Opportunist: Please tell us about it.
Gregg: With always on and always connected devices in our hands, I believe we are entering the next stage of social, that’s the intersection of social and mobile, or social discovery. Let me draw you a matrix.
In the top left of this matrix you’ve got Facebook, which is for managing your tight ties in the real world. That’s your offline friends and family, the people you already know. In the top right you have LinkedIn, which is where you manage your curriculum vitæ (cv), your business connections. Twitter is in the bottom left where you follow celebrity and brands, your key influencers as it were. That leaves the bottom right…that’s where we see Sweetr being the network for social discovery.
That is to say, Sweetr is for finding the people, places and experiences that you don’t already know, or have not already found and experienced. Connecting with strangers with shared interests, geography, or just for fun. We think social discovery could be as big as social networking in five years. So, watch for that company in the near future.
Opportunist: What advice do you have for others who are considering a similar career path?
Gregg: Getting an education and a discipline is a great way to start. Law incorporated with business is certainly a great combination, but it doesn’t have to be that. The key is to pursue your passions and work with quality, bright people. Don’t be afraid to be bold and reach out. I believe, in a sense, that’s one of the things that ultimately led to my success. When I was starting out I targeted people who emulated what I wanted to be in life. They became my mentors. I was very persistent and eager in pursuing my goals. It’s important to be aggressive and never doubt that you’re capable of achieving the things that you really want to do.
Opportunist: What objectives do you have for the coming year?
Gregg: First of all, I think we’ve got some very strong projects with Goldgroup Mining in Mexico that will be expanding into more significant production next year. This will throw off fairly significant cash flow, which will be used to make other acquisitions and, hopefully, build that into a much larger gold producing company. I believe Goldgroup is undervalued now and has a great future going forward. Also Oceanic Iron Ore will be advancing its large iron ore deposit by completing a pre-feasibility study later this year and Sweetrlife will be launching its social media app “Sweetr” as well.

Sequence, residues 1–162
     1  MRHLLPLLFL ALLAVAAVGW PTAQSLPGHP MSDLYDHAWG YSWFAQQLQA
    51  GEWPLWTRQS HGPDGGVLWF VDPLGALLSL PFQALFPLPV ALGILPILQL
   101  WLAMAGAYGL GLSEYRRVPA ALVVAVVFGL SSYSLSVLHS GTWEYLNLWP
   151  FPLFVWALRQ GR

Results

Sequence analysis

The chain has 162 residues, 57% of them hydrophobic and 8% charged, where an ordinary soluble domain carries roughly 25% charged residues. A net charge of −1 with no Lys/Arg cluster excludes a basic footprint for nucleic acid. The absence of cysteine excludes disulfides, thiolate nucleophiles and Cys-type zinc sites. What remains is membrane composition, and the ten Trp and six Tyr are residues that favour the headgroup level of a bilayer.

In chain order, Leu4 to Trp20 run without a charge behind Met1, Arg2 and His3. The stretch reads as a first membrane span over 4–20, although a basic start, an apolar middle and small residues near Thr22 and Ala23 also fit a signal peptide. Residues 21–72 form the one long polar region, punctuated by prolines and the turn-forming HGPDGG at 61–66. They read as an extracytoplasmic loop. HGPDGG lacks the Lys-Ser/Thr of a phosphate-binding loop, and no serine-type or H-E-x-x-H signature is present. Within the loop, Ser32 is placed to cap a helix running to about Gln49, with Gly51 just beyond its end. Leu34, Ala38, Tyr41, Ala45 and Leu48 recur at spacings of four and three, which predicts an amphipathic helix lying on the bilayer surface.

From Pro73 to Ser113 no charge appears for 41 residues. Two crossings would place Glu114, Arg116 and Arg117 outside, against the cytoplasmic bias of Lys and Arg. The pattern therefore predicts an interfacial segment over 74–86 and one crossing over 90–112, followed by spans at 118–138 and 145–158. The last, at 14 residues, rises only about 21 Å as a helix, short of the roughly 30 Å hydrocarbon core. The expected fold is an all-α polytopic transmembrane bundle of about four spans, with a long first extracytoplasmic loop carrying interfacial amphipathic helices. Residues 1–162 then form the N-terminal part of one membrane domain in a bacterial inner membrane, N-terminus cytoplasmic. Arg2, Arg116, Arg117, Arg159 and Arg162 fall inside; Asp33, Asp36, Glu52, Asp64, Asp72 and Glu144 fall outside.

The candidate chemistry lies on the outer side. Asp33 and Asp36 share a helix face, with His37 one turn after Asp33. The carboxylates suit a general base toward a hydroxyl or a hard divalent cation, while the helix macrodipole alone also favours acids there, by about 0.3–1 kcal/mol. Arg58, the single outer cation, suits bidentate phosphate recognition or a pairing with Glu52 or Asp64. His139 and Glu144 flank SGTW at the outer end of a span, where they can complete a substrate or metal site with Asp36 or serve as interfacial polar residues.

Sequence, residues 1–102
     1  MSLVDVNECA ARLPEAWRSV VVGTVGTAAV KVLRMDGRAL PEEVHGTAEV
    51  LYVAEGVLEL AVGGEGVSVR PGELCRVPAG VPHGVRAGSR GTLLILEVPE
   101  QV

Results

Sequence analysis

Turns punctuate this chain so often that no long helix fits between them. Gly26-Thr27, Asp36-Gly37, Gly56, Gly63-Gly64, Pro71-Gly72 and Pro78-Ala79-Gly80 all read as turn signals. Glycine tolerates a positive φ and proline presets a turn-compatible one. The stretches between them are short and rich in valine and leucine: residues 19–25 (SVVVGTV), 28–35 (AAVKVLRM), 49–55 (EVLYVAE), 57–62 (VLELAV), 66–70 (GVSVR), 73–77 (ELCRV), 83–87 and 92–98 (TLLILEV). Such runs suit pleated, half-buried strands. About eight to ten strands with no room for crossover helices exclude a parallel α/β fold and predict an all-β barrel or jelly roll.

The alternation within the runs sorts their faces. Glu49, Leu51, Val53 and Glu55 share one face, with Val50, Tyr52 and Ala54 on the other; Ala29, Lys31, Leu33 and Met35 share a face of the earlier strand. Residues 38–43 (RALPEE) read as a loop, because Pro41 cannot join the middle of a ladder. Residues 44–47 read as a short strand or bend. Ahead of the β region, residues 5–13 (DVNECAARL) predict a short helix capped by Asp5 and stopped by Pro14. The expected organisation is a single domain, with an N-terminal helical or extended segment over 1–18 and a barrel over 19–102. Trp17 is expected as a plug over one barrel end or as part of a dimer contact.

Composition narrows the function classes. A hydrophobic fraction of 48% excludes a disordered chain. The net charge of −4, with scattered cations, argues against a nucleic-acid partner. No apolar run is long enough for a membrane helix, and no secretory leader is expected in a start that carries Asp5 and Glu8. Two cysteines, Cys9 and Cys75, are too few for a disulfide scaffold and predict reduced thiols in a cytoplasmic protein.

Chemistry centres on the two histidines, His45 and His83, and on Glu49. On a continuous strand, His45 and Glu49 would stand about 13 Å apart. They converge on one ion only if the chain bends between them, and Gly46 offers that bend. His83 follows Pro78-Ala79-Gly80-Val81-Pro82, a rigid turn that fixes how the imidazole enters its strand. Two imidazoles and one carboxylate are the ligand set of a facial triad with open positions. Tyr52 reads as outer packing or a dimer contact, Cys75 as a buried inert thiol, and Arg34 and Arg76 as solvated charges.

Opportunist: What do you enjoy most about your work?
Gregg: I would definitely say meeting the people. Part of my business involves travel to some pretty interesting parts of the world—from Asia to Africa or down in Mexico—and I am always meeting people as part of that. In the finance community, whether you’re in New York or London or Toronto, you’re constantly meeting new people as well and, of course, we have great people in our office and our companies.
Also, it’s almost like a game where you’re searching for the next big opportunity. Fortunately, I have been involved in some that have worked out quite well for my shareholders and for myself. Trying to find that next home run is a big part of my business.
Opportunist: Where do you see yourself in five years?
Gregg: Hmm. In five years I may or may not be doing this on the same scale, but I will definitely keep my head in the investing and venture capital business on maybe a somewhat reduced basis. I think I’ll just continue to do as much as interests me at the time. I know that’s kind of a vague answer but I’m not in a massive expansion mode on my business, so I will just move it along until it’s no longer fun and interesting.
Leslie Stone is an award-winning writer/editor with more than two decades of experience covering business, finance and lifestyle issues for newspapers, magazines and online publications. Originally from Virginia, she currently resides in the Orlando area.